Women in Welding Scholarship. But Frannie's involvement in and passion for welding extended outside of the classroom as well. She cofounded the Penn College Welding Research & Development Committee and always went above and beyond in helping to support her peers and the program, including serving as a tutor in the College's Tutoring Center. Frannie is also an example a strong female role model in a male dominated field, and she thrived in that environment (she told me it helped that she had ?? brothers). Frannie played a key
role when the College hosted Rae Ripple on campus this spring. Rae is a world-renowned metal artist, television personality, motorcycle stunt rider, and author (if you don't follow her on social media, you should). Franchesca graduates today Cum Laude with her Bachelor of Science in Welding & Fabrication Engineering Technology with a Minor in Non-Destructive Testing. It gives me great pleasure to introduce your Student Commencement Speaker, Ms. Franchesca C. Ybarra. (Applause).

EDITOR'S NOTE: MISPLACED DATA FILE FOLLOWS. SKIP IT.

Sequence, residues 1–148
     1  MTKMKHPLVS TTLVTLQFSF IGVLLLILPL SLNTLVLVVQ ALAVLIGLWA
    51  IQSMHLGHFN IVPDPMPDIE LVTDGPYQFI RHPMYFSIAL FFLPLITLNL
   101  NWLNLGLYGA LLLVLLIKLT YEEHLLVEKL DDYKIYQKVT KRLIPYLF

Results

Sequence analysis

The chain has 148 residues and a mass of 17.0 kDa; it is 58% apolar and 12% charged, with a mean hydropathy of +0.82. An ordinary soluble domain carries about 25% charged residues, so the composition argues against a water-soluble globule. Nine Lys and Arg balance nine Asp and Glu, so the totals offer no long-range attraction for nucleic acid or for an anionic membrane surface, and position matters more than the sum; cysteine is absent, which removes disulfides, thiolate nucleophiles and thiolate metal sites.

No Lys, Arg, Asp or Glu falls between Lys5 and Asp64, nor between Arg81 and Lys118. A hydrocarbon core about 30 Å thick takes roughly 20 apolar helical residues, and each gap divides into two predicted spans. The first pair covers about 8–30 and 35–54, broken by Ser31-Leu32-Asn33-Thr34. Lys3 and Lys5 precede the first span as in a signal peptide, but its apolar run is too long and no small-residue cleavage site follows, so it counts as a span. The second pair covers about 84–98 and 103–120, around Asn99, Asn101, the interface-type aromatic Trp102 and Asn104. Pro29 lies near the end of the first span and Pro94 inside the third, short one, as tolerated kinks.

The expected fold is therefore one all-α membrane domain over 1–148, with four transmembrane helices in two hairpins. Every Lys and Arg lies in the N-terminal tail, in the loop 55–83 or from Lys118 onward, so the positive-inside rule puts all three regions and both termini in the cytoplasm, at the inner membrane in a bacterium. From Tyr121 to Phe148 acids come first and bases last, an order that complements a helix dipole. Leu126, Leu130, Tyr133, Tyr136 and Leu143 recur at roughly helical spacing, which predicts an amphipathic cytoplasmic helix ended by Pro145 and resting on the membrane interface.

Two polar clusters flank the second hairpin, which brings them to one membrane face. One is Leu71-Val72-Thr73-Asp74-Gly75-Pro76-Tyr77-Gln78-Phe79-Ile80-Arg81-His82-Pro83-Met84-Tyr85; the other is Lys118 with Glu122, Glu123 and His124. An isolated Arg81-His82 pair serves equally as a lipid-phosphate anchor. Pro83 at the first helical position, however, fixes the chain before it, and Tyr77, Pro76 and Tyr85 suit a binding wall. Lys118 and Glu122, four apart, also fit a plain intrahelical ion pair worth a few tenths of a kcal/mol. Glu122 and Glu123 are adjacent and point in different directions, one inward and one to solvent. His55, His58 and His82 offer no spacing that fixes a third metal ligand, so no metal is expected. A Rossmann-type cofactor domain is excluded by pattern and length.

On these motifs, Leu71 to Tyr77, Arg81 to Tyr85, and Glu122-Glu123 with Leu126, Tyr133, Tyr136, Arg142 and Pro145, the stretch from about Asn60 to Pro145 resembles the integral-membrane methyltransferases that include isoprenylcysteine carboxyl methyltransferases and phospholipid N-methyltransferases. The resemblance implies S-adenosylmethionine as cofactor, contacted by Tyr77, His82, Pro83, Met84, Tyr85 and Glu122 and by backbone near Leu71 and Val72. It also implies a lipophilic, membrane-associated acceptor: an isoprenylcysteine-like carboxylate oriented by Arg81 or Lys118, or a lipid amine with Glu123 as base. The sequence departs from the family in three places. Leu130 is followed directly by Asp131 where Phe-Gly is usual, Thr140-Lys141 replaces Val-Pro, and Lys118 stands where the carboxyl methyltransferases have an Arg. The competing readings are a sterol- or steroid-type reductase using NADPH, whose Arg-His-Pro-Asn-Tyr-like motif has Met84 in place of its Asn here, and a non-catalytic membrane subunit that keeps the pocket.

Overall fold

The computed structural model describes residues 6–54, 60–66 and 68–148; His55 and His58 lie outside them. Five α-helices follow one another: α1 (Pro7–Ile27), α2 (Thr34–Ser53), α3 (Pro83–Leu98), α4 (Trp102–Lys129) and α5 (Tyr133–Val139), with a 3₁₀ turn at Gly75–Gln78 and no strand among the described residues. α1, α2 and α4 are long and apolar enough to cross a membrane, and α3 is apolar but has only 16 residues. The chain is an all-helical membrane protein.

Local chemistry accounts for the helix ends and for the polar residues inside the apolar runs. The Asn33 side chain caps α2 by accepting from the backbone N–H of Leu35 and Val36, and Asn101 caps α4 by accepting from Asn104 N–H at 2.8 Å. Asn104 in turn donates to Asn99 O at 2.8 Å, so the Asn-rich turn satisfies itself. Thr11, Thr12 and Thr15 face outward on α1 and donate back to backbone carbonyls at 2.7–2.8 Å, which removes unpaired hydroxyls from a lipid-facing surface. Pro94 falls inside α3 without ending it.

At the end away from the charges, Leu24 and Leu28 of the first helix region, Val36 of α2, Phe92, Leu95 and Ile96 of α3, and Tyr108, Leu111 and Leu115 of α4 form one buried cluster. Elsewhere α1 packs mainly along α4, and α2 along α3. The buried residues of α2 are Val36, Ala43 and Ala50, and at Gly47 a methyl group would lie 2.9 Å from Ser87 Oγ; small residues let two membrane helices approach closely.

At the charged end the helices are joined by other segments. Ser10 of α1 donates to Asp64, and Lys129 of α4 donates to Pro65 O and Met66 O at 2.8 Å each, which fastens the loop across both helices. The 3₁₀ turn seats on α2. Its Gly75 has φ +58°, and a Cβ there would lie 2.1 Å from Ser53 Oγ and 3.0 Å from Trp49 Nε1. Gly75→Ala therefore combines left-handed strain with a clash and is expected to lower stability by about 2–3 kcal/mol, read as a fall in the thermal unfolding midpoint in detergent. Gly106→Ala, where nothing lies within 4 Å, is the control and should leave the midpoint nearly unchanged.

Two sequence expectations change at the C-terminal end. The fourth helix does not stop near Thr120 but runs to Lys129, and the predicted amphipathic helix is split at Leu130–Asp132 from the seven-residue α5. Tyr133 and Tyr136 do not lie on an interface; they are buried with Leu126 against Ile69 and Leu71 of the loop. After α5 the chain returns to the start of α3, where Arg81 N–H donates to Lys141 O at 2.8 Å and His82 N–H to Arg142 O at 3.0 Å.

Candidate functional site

>> Hello! Greetings and good morning everyone! Thank you, Mr. Strickland for that wonderful introduction. Thank you, Dr. Gilmore, family, friends, faculty, and the graduating class of 2022 for all being here today! First, I want to thank and give all the glory to God, who has been my rock and who has guided me throughout my 3 and ½ years here at the Pennsylvania College of Technology. I also want to thank Joette Siertle, for nominating me for this once in a lifetime opportunity as student commencement speaker. I'm so honored to speak amongst this incredible group of graduates, and everyone who is able to be here today. Thank you to my mom, dad, and brother who travelled from Oregon, and thank you to my boyfriend and other guests here today for your constant support.